It soon became clear to the teams involved that greater capacity orbandwidth alone was not the limiting factor, as computations may sometimesbe waiting for very small sets of data queried from a distant database.The objective is to get that piece of data across the global network asrapidly and reliably as possible between the research centres spreadacross three continents. The TEIN2, GÉANT2 and ORIENT networks wereavailable to facilitate this. TEIN2 is the first large-scale research andeducation network across the Asia-Pacific region, which provides directconnectivity to the pan-European, multi-gigabit GÉANT2 network. ORIENTcreates a high speed, direct network connection linking Europe and China.

    With the migration of INWA to TEIN2 and ORIENT, data traffic to and fromEurope is no longer routed via the USA, but passes through the shortestpossible network routes. Using this high-capacity network infrastructure,the INWA Australian and European research groups can now connectdirectly to China and to each other across Eurasia. This has reducedfragmentation and latency and significantly increased the performanceof this e-social science collaboration. "Networks that travel over longdistances often have a negative impact on the throughput performance ofdata sent over the network. The longer the distance, the greater the negativeimpact. Taking a path with TEIN2, which is around half of the distance ofthe original path, not only reduces the distance related element of thetime taken to transfer data,but reduces the impact of packets of databeing lost on the way," said George McLaughlin, coordinator anddeveloper of the TEIN2 applications and collaborations framework.

  • Find out moreTo learn more about global research and education networking, visit:http://global.dante.netwww.tein2.netwww.geant2.net

    To find out more about INWA please visit:www.epcc.ed.ac.uk/inwa.

    DANTE is a non-profit organisation that operatesthe GÉANT2 network and manages the TEIN2 and ORIENTprojects. Further information about DANTE and itsactivities can be found at www.dante.net

    This document has been produced with the financial assistance ofthe European Union. The contents of this document are the soleresponsibility of DANTE and can under no circumstances be regardedas reflecting the position and opinions of the European Union.

    Professor Depei Qian, Chief Scientist,China National Grid commented:

    “Without the combination ofknowledge from researchersacross the globe and thecomputational capacity tomodel and validate behaviourduring our collaborative sessionswe wouldn’t be able to steer the

    modelling process as effectivelyand hence predict accurate

    behavioural trends. With the INWA Gridcombining data, computation, and expertise

    across three continents, the advent of TEIN2provides the most direct link for our collaboration

    between Australia, China and the UK and the capacity to sendand receive vast amounts of crucial data across the world in seconds.This will help us create clearer global patterns with distinctive contrastsbetween regions, and is a significant milestone in INWA’s development.”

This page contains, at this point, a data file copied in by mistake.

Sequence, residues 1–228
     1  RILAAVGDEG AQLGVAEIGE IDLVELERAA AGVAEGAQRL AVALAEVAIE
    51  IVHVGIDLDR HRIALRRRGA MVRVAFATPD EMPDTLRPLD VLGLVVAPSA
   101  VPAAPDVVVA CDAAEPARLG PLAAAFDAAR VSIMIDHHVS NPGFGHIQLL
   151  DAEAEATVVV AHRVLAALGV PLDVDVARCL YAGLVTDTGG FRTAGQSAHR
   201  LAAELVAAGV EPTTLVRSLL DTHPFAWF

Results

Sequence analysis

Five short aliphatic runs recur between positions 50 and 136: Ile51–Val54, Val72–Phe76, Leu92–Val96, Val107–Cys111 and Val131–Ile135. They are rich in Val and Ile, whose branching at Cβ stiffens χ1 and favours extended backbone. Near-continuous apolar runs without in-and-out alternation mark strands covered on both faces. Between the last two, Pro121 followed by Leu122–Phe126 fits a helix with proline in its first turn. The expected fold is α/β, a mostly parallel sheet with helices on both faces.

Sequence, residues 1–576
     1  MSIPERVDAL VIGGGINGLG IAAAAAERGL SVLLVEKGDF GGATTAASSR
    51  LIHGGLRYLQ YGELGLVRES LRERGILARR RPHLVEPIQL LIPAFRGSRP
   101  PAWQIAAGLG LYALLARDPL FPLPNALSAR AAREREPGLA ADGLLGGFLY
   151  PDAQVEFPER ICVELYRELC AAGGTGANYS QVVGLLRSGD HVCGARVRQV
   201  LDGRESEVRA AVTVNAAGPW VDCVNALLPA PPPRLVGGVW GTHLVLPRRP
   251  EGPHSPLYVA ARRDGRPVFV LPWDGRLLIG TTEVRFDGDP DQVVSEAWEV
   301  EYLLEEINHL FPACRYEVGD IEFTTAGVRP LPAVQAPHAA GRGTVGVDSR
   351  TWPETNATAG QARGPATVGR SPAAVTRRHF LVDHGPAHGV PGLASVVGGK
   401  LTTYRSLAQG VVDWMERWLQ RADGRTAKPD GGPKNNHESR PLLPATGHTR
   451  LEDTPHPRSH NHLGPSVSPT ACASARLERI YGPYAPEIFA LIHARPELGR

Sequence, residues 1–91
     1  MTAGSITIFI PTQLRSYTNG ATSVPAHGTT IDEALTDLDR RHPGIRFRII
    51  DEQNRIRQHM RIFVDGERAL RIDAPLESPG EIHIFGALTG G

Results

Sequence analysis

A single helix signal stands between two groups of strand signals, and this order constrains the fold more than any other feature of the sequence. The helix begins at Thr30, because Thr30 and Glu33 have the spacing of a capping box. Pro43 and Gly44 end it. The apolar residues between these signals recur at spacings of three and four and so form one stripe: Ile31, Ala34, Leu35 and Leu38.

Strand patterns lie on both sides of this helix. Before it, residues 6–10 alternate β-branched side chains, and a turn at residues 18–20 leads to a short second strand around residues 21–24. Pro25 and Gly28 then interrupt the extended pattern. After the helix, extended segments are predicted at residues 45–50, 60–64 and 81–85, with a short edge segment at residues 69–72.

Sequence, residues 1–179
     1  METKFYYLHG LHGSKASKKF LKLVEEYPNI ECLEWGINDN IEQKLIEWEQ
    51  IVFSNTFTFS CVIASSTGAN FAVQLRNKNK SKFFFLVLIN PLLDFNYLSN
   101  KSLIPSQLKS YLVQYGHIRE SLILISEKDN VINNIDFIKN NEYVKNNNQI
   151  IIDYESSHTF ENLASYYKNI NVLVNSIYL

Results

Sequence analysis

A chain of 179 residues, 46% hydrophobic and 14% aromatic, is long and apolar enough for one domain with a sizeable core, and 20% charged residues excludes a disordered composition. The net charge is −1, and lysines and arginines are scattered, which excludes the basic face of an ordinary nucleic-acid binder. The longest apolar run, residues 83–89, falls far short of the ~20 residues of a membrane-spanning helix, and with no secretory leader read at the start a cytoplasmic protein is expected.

Enabled by the global reach of the underlying network infrastructure,the INWA project is testament to how technology is shaping societytoday. It bridges the academic and commercial sectors and helps igniteinnovation, enhance competitiveness and contributes to a healthyeconomy in an ever more globalised world.

    Embracingintercontinentalgrid technologyData mining and generating complexmodels require a computing powerwhich is beyond the reach of manyorganisations. Grid technologies provideaccess to the high performance computingfacilities needed for modelling large anddispersed datasets, enabling researchers atspatially remote locations to work togetherinteractively.

    The INWA project went live in 2003 between theUK and Australia. It was extended to the ChineseAcademy of Sciences in January 2005. Modelling andunderstanding market dynamics within the most rapidly developingeconomy in the world provides a number of valuable outputs but alsoallows a single, giant Grid infrastructure for collaborative eResearchacross three continents to be tested and developed.

    Challenge and solutionUntil June 2007, all INWA grid traffic between the participatingEuropean sites and those in China and Australia was routed the longway round the world via the United States. By this time, DANTE,operator of GÉANT2, was in the final stages of deploying TEIN2 andORIENT with direct links to GÉANT2. This offered an alternative thatis less than half the distance of the previous US routing and thereforesignificantly reduces latency and improves overall performance ofthis virtual collaboration.

    Page 02

    TEIN2 (blue), ORIENT (yellow)and GÉANT2 (purple) linksconnecting grid facilities inAustralia, China and theUnited Kingdom

    Visualisation by A.D. Lloyd. Earthtexture provided by NASA. Networklinks include abstractions from GLIFgraphics. Head provided by NIH.

    INWA has been made possible through the support of the UKEconomic and Social Research Council (ESRC), the Australian ResearchCouncil (ARC), The Department of Industry and Resources (DoIR),Government of Western Australia, The Scottish Funding Council,Sun Microsystems in Australia and their Asia Pacific Science &Technology Centre in Singapore.

    Case study:Understanding global market dynamicsrequires global network reach